topology - WMAP - urgent

boud boud w
Śro, 19 Mar 2003, 20:05:07 CET

   Micha³, Bartek, anyone else interested.

Now that there's some big time media coverage, anyone interested
in working together on this? IMHO it's urgent to do the analysis

I haven't fully understand Marek's comments, but I think he's just
playing safe ;) - no harm there.

Anyone who sees signs that our North/South American and or European
colleagues have done something concrete on this, please say and point
to the URL!


amr wrote:
> Artyku³ o odkryciu ("odkryciu" ?) Tegmarka:

> Krytyka Marka Demiañskiego:

---------- Forwarded message ----------
> Date: Wed, 19 Mar 2003 12:57:53 +0100 (MET)
> From: Programme National de Cosmologie <pnc at>
> To: diffusion PNC <pnc at>
> Subject: divers ...


 4. Extraits d'un article du New-York Times du 11 mars 2003
    "Universe as Doughnut: New Data, New Debate"

    The New York Times
    March 11, 2003
    Universe as Doughnut: New Data, New Debate

    Long ago in the dawn of the computer age, college students often
    whiled away the nights playing a computer game called Spacewar. It
    consisted of two rocket ships attempting to blast each other out
    of the sky with torpedoes while trying to avoid falling into a
    star at the center of the screen.

    Although cartoonish in appearance, the game was amazingly faithful
    to the laws of physics, complete with a gravitational field that
    affected both the torpedoes and the rockets. Only one feature
    seemed outlandish: a ship that drifted off the edge of the screen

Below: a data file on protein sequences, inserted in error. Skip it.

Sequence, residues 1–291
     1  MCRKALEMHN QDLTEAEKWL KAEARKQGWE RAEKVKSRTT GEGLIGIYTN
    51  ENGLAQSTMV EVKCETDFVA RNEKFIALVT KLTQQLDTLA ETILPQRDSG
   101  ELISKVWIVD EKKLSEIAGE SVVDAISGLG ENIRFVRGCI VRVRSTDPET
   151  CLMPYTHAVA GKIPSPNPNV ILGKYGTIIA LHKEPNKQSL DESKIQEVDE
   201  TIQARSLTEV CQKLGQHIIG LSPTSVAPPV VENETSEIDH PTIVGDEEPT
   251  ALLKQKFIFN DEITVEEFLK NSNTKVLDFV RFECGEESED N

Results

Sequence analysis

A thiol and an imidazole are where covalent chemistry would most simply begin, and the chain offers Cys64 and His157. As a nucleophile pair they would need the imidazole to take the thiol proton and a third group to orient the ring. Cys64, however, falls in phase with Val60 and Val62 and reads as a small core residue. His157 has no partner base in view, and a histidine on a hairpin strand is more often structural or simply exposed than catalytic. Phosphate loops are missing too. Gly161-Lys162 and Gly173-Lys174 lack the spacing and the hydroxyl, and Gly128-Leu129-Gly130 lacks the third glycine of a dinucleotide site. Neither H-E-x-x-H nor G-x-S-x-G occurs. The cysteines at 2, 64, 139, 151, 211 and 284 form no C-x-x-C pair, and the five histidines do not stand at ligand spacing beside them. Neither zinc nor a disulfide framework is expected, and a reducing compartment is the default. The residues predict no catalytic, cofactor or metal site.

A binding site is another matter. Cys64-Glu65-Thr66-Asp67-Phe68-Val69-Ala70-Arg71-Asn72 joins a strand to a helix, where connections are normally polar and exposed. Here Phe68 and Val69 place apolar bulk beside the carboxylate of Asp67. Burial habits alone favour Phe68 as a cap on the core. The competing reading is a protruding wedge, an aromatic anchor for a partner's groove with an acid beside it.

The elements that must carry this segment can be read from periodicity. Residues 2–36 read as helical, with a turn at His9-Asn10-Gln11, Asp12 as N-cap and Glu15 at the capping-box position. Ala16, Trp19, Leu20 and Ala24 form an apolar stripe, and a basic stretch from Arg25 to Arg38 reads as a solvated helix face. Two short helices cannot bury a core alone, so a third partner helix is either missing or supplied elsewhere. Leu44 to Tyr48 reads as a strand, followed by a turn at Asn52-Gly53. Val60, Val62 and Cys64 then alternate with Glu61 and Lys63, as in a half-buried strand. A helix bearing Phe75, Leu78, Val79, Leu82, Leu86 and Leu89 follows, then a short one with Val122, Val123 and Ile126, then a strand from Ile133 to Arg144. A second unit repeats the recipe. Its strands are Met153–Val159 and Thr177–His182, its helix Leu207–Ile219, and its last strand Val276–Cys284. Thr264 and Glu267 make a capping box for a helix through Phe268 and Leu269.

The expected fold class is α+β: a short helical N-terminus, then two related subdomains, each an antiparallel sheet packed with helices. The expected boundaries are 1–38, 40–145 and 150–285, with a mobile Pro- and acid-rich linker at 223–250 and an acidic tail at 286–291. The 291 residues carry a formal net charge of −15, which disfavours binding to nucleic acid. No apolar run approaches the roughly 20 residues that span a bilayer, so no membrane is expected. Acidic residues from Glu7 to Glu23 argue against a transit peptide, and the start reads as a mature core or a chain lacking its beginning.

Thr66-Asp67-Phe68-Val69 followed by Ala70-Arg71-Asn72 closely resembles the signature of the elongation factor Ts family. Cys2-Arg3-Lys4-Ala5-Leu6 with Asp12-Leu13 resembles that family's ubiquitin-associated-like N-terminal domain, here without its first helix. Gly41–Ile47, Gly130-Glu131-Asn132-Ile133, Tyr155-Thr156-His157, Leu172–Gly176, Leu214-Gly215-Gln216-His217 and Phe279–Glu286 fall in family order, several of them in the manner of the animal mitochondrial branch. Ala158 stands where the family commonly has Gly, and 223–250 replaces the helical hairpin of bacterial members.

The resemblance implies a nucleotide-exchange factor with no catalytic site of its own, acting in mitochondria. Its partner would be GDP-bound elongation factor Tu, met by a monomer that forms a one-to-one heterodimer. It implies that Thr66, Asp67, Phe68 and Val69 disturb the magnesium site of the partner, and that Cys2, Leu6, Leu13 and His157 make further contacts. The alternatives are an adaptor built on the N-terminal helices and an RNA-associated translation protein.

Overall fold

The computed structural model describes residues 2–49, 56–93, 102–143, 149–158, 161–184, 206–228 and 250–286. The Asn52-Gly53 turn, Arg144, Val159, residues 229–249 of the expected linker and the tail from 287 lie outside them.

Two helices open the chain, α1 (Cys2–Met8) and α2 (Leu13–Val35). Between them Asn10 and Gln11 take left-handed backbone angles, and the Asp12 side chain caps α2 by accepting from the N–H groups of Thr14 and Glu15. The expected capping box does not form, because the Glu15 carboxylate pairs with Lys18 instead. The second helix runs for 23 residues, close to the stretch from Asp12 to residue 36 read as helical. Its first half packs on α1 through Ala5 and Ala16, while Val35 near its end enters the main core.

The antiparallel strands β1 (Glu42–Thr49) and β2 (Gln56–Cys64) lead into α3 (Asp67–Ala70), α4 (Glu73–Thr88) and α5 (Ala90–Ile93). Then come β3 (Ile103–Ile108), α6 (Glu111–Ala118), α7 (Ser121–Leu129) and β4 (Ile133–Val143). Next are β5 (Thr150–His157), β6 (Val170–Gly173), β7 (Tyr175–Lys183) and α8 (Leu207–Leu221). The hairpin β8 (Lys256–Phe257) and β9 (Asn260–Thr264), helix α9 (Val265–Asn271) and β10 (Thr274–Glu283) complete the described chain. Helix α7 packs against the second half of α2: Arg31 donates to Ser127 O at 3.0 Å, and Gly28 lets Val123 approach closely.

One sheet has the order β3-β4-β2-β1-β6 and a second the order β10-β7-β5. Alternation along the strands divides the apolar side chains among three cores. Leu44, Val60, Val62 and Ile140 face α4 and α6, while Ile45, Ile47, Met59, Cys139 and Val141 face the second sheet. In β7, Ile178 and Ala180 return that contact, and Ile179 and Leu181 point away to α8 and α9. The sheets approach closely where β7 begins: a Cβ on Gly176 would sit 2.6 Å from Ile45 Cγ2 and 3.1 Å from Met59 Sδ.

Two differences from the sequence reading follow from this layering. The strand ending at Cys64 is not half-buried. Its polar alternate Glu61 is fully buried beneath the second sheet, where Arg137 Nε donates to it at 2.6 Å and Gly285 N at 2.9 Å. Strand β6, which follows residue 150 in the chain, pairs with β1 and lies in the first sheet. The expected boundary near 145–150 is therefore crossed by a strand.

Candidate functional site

would reappear on the opposite side.

    Real space couldn't work that way.

    Or could it?

    Imagine that the Spacewar screen is wrapped around to form a
    cylinder or a section of a doughnut so that the two edges meet.

    That is the picture of space, some cosmologists say, that has been
    suggested by a new detailed map of the early universe. Their
    analysis of this map has now provided a series of hints  though
    only hints  that the universe may have a more complicated shape
    than astronomers presumed.


    This mirror game is not limited to cubes and doughnuts. Over the
    years mathematicians, particularly Dr. William Paul Thurston, now
    at the University of California at Davis, and Dr. Jeffrey Weeks,
    an independent mathematician, have speculated about universes
    composed of various polyhedrons glued together in various ways.

    In 1996 the French astronomer Dr. Jean-Pierre Luminet of the Paris
    Observatory and his colleagues Dr. Roland Lehoucq and Dr. Marc
    Lachieze-Rey, both of the Center for Astrophysical Studies in
    Saclay, France, developed a method called "cosmic
    crystallography," using galaxy statistics to detect and diagnose
    the repeating periodic patterns that would be created in the sky
    by light going around and around in differently shaped universe.

    Finite or Infinite?
    Problems Are Posed
    For Favored Theory



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